The indirect taxation regime in India has undergone many transformations over the past 5 to 6 decades. Introduction of MODVAT scheme in 1986, fungibility of credit between Excise and Service Tax (2004), rollout of VAT (2005 onwards) have over the years increased transparency in tax administration, reduced hassles to tax payers, and eliminated the cascading effect, thus benefitting the consumer. However, the federal structure of India has resulted in tax being administered by both Centre and State.
Lack of facility to utilize credits across these two entities has resulted in partial cascading still being left in the system. Added to this, the burden of compliance has also increased due to involvement of multiple agencies. GST precisely addresses these concerns by driving uniformity across India through a single tax and ensuring an unrestricted flow of tax credit. Conceptually, GST is similar to VAT, meaning tax will be applied only on the value addition at each point in the supply chain.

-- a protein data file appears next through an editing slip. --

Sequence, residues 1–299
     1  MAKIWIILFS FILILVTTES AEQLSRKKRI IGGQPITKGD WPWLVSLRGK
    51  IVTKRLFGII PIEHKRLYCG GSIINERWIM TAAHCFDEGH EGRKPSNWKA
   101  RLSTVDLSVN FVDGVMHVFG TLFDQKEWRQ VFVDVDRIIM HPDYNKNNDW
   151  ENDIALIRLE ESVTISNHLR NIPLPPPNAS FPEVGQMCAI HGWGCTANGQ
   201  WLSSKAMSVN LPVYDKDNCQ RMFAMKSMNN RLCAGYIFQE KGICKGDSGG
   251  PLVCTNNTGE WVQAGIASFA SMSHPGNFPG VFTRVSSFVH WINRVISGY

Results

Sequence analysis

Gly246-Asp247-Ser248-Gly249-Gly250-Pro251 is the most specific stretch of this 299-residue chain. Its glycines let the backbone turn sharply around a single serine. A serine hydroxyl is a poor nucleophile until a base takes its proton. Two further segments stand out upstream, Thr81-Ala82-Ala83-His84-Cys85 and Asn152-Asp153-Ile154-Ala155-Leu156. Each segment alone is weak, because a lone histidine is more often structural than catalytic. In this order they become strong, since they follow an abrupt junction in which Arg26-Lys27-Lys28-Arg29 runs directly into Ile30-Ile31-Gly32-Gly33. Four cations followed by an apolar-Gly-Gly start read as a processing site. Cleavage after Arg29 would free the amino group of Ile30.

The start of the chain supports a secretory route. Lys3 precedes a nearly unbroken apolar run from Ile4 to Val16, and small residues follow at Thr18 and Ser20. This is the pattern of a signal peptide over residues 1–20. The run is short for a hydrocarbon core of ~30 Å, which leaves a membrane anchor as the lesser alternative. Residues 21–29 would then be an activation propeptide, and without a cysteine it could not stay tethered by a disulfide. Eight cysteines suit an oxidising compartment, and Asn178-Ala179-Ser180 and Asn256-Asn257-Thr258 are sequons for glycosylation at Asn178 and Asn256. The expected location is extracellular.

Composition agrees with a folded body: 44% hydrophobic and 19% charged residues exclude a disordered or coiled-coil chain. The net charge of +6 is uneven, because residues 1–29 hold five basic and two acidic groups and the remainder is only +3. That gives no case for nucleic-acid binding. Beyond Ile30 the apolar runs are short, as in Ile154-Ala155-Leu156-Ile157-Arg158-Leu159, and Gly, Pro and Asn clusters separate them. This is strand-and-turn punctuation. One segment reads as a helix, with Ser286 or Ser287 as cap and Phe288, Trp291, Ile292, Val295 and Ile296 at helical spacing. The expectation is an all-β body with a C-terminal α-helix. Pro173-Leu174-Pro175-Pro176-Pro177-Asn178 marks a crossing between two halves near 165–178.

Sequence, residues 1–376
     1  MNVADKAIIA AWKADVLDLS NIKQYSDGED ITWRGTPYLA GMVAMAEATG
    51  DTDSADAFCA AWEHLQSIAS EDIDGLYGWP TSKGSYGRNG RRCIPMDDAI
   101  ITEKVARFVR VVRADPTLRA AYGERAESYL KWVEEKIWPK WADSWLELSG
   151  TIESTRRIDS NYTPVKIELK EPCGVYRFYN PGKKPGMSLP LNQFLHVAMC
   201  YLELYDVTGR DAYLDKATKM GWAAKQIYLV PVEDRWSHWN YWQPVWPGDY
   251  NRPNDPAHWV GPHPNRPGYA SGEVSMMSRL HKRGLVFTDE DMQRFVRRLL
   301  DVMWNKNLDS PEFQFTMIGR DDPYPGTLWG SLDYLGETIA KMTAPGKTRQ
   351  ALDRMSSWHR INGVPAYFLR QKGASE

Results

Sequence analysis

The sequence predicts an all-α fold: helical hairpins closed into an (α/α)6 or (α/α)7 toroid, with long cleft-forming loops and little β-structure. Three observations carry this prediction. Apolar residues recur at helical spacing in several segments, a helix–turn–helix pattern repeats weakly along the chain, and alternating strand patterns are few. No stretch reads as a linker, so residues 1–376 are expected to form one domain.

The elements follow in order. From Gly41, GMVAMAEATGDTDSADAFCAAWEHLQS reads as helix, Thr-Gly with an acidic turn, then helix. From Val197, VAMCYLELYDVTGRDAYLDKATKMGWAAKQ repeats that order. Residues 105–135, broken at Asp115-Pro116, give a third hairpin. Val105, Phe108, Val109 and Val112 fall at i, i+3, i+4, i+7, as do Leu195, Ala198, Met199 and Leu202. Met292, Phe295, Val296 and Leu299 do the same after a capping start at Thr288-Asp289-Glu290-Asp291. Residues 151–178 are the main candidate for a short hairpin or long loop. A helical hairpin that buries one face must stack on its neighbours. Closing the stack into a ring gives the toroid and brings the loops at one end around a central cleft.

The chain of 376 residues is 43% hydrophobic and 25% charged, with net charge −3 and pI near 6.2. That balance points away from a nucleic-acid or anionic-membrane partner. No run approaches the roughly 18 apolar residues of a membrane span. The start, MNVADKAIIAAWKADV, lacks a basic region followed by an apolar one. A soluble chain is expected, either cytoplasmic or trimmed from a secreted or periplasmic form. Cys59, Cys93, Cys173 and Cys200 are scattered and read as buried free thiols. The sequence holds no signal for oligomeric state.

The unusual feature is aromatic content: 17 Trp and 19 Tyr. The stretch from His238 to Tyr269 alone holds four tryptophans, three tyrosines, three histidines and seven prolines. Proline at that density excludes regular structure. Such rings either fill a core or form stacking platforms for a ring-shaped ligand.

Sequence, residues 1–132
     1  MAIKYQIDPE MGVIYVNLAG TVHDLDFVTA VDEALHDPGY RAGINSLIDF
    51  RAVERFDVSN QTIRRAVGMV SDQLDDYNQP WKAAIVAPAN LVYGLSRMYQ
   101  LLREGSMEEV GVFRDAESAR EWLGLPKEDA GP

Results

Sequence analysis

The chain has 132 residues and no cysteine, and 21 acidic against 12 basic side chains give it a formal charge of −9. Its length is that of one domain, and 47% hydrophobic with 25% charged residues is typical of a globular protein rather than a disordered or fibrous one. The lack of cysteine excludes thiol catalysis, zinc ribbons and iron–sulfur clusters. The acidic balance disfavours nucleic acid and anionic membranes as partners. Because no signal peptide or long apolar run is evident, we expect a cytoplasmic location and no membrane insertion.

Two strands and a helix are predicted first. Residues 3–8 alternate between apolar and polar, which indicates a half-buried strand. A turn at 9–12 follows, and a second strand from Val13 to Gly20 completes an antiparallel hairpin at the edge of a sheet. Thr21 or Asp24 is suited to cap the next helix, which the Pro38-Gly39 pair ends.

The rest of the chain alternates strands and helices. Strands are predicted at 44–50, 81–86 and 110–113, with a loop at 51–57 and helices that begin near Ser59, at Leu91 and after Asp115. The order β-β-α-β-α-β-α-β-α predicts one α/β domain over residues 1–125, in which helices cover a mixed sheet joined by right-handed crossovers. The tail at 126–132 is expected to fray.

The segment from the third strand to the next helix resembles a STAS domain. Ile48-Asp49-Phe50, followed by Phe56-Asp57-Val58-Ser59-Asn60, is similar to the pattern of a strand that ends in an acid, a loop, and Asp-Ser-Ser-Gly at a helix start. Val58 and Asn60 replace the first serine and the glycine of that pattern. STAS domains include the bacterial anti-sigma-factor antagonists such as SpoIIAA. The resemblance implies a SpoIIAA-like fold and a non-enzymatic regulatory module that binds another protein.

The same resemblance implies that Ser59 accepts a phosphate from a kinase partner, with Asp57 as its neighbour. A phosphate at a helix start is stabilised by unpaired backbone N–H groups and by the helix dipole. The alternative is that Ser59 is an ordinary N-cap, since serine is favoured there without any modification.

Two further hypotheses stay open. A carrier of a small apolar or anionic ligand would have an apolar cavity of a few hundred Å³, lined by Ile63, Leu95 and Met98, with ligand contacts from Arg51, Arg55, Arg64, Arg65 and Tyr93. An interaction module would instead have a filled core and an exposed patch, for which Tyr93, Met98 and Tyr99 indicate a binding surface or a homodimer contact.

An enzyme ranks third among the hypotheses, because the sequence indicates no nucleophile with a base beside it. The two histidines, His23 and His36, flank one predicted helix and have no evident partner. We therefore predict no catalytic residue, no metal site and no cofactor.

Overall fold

Some of the salient features of GST (Goods and Services Tax) are:
GST Registration threshold is Rs
9 10 Lakh for special category states*, and Rs 19 20 Lakh for Rest of India. Approximately 7-8 million businesses are likely to be registered under GST. Small dealers with turnover below Rs 50 Lakh have the option of adopting the Composition scheme and pay flat ~1 to 4% tax on turnover.
*Arunachal Pradesh, Assam, Jammu and Kashmir, Manipur, Meghalaya, Mizoram, Nagaland, Sikkim, Tripura, Himachal Pradesh and Uttarakhand
For more details on GST registration process, please visit these-
Dual GST (Goods and Services Tax):
In consideration of the federal structure of India, Dual GST has been chosen as the apt model wherein tax would be jointly levied by both Centre and the states on supply of goods and services.
The components of Dual GST are:
- CGST: Central GST
- SGST: State GST
- IGST: Integrated GST
On intra-state transactions CGST+SGST will be applicable and on interstate transactions, IGST will be applicable.
There are likely to be 3 sets of rates as below: